by Marc Martorell Junyent
Kim Ghattas’ second book, Black Wave: Saudi Arabia, Iran and the Rivalry that Unravelled the Middle East, starts with an unambiguous question: ‘What happened to us?’ (p.1). The Emmy award-winning journalist and writer, born and raised in Lebanon, aims at understanding when and why sectarian killings, religious zealotry and amorphous wars spread in the Arab and Muslim world. Ghattas’ question does not sound very different from that posed by the historian Bernard Lewis in his book What Went Wrong? The Clash Between Islam and Modernity in the Middle East, published in the aftermath of the 9/11 attacks. Lewis’ subtitle already gives us a glimpse of the condescending Orientalism to be found in the pages of his book. Far from that, Ghattas takes an approach unburdened by any pre-conceived and paternalistic vision of the Middle East.
Searching for an answer to her initial question, she resorts to archives, newspaper articles and scholarly works. More remarkable, however, is the number and variety of interviews she conducted, some of them with high-profile personalities such as Saudi Prince Turki al-Faisal, Tunisian Ennahda Party leader Rached Ghannouchi or the late Saudi journalist Jamal Khashoggi. The conversations with Khashoggi, who was ‘incredibly generous in sharing his story, imparting knowledge, and responding to endless follow-ups’ (p.362), provided Ghattas with a privileged perspective to write about his brutal killing in Istanbul in the last chapter of the book, ‘Murder on the Bosporus’.
It is worth stating what Ghattas’ work, in her own words, is not. She writes that ‘although this is neither a work of historical scholarship nor an academic study, it is more than a reported narrative’ (p.3). Some of the weaknesses of the book may be related to this. Even though the author includes references at the end of the book, they are sometimes quite scarce and difficult to navigate. We observe an example of this when she explains that ‘at least three thousand political prisoners’ were executed in 1988 by the Islamic Republic. While this assertion is well-referenced, the same does not apply to the following sentence, far more contentious, stating that ‘some reports put the number much higher, up to thirty thousand’ (p.78). Horrible as it was, the 1988 massacre is very unlikely to have reached these proportions. Amnesty International, who reported the events in detail already in 1990, published two years ago a thorough re-examination of this tragic moment in Iranian history. The international NGO concludes that ‘minimum estimates put the death toll at around 5,000’. While adding that ‘the real number could be higher’, it would still be far away from thirty thousand victims.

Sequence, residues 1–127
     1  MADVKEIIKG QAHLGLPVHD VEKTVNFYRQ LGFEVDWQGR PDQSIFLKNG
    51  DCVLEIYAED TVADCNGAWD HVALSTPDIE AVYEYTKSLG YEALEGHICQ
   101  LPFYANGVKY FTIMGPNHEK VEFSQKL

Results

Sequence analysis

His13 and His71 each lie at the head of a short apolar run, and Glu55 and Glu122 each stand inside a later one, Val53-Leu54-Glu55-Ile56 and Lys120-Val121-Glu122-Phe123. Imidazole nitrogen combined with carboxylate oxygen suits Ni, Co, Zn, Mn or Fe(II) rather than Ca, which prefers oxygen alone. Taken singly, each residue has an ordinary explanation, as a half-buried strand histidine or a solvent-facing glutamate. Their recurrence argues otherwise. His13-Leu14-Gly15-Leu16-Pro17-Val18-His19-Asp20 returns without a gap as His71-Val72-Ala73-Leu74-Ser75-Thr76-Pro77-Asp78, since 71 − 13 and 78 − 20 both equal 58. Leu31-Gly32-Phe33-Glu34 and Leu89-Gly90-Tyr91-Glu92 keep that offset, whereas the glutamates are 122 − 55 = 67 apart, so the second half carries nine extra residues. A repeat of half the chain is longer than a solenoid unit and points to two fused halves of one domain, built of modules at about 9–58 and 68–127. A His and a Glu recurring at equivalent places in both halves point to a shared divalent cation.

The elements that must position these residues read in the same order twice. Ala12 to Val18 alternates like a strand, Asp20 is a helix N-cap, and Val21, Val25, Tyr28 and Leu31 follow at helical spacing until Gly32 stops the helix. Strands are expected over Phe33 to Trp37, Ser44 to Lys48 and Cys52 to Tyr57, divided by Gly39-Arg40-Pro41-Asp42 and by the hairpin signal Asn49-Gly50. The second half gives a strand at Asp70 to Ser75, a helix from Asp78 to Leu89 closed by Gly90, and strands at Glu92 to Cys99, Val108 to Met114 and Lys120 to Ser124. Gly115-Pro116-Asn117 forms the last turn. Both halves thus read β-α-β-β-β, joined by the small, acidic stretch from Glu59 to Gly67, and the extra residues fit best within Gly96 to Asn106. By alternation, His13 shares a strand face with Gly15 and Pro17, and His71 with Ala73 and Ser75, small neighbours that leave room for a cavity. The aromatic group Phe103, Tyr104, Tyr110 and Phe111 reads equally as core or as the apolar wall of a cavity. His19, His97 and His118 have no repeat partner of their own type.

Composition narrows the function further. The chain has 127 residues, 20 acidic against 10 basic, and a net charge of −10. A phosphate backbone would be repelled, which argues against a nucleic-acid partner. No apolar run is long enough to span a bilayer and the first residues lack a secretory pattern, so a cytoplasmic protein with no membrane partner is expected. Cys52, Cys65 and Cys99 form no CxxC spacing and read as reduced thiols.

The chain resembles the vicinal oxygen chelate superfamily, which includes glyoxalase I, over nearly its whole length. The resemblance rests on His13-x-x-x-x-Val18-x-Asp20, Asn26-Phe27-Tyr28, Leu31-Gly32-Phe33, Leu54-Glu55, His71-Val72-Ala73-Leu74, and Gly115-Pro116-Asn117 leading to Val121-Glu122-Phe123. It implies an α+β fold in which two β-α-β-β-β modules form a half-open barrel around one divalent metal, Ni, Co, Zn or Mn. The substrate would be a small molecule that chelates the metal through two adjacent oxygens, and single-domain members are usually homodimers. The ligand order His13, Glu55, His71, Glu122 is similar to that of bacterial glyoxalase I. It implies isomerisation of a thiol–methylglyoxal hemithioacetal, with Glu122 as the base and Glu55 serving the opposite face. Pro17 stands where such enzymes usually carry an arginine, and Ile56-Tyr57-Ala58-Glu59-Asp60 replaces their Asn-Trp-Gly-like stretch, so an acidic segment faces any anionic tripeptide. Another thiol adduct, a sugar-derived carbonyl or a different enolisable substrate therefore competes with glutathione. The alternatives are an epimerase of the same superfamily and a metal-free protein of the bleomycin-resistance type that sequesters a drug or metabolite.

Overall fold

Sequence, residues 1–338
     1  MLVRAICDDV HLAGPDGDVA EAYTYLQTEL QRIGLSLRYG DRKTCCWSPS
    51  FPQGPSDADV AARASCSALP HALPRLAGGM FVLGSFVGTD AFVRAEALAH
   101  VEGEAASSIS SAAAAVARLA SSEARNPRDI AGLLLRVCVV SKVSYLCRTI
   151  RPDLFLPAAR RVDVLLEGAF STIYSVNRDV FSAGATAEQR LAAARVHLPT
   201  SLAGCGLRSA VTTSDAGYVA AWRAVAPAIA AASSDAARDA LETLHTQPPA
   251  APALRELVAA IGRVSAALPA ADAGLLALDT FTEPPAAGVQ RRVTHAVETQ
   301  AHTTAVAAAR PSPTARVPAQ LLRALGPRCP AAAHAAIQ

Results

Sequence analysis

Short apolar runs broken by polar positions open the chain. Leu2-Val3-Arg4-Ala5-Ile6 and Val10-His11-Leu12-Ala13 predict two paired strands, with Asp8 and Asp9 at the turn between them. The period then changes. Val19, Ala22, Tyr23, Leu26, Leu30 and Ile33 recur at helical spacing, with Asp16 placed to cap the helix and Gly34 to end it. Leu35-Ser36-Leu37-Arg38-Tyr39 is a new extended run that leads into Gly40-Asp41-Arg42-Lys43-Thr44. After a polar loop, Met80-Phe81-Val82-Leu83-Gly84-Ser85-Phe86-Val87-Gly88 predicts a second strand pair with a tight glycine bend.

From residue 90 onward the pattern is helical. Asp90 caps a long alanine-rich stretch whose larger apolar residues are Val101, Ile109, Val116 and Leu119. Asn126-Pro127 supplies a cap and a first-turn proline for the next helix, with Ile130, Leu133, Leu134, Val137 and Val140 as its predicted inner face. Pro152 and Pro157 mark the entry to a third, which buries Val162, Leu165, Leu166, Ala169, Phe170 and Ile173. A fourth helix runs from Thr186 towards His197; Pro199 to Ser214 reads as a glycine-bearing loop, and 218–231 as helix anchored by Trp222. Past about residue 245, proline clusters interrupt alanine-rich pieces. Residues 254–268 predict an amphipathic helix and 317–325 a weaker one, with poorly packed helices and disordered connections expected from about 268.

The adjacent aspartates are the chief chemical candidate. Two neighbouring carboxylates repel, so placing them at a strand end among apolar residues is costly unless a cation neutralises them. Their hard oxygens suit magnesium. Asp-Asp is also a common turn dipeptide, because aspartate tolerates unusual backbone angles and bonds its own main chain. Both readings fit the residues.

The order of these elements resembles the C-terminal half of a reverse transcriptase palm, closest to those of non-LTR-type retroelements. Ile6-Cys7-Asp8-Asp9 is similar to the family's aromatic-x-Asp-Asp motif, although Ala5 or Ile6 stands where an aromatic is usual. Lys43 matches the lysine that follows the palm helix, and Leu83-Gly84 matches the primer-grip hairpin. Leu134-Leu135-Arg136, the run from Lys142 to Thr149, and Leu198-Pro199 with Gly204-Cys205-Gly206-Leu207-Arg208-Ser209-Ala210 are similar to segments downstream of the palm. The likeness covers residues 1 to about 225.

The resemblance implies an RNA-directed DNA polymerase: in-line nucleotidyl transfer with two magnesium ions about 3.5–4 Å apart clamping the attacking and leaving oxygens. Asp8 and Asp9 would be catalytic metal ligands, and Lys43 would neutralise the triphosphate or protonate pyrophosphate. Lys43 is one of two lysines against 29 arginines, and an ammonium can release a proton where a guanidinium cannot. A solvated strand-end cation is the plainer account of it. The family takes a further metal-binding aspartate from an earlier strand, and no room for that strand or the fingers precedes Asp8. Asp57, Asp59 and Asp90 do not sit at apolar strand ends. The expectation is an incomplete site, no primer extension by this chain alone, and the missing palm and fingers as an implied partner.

The strength of Black Wave lays in Ghattas’ gift for narrative writing, in her ability to grasp the attention of the reader and prove that a non-fiction book can also be a page-turner. She strikes the perfect balance between describing the broader trends in the Middle East and presenting the lives of the individuals shaped by them, moving from one dimension to another with ease. The best example of this may be found in Chapter 3, ‘Bleeding Heart’, which describes the seizure of the Grand Mosque in Mecca in 1979 by a group of militant radicals calling for the overthrow of the Saudi monarchy. For this chapter, Ghattas interviewed Sami Angawi, a Saudi architect living in Mecca in 1979. We get to know about his uneasiness with the effects of oil wealth on Saudi cultural heritage in the years prior to the seizure of the mosque. Moreover, we read that he provided floor plans and aerial photographs to the Saudi authorities hoping the mosque could be retaken with limited violence – to no avail. After the recapture of the Grand Mosque, he could not help but feeling anguished with the violent turn of events.
The seizure of the Grand Mosque in Mecca was followed by one of the two Islamic revolutions that took place in 1979: the one ‘that unfurled almost unnoticed’ in the Saudi kingdom as opposed to the one ‘that made world headlines’ – the Iranian revolution (p.71). The revolution in Saudi Arabia was marked by the gradual expansion of Salafist puritanism and thus more difficult to detect. But both would, Ghattas notes, dramatically reshape their countries of origin and bring with them a wake of darkness and oppression in the Arab and Muslim world. 1979’s third seminal event was the Soviet invasion of Afghanistan. Even though any clear-cut division between different historical periods entails a certain element of arbitrariness, Ghattas clearly has a good case for pointing at 1979 as the origin of what she calls the ‘Black Wave’.
The term is used by the author, probably too vaguely, to describe how the Saudi-Iranian rivalry for Islamic legitimacy ‘unleashed sectarian identities and killings’ in the broader Middle East (p.2). Her book is a trip across time and space, moving from Egypt in the late 1970s to Pakistan and Lebanon in the 1980s, and onwards. The inclusion of Pakistan in the narrative brings a refreshing perspective. Despite often being excluded from works focusing on the Middle East, Ghattas aptly shows how the country was affected by the Saudi-Iranian rivalry.
The shortcomings of the book are compensated by its vivid descriptions and engaging style of writing. It is also worth noting that the fact that Black Wave covers different periods of time and countries must have surely complicated the work of the writer. However, the result is a region-wide perspective enriched by dozens of interviews that makes a decisive contribution to our understanding of these decades. Her unrivalled access to sources and sense of narrative contribute to the uniqueness of Ghattas’ work.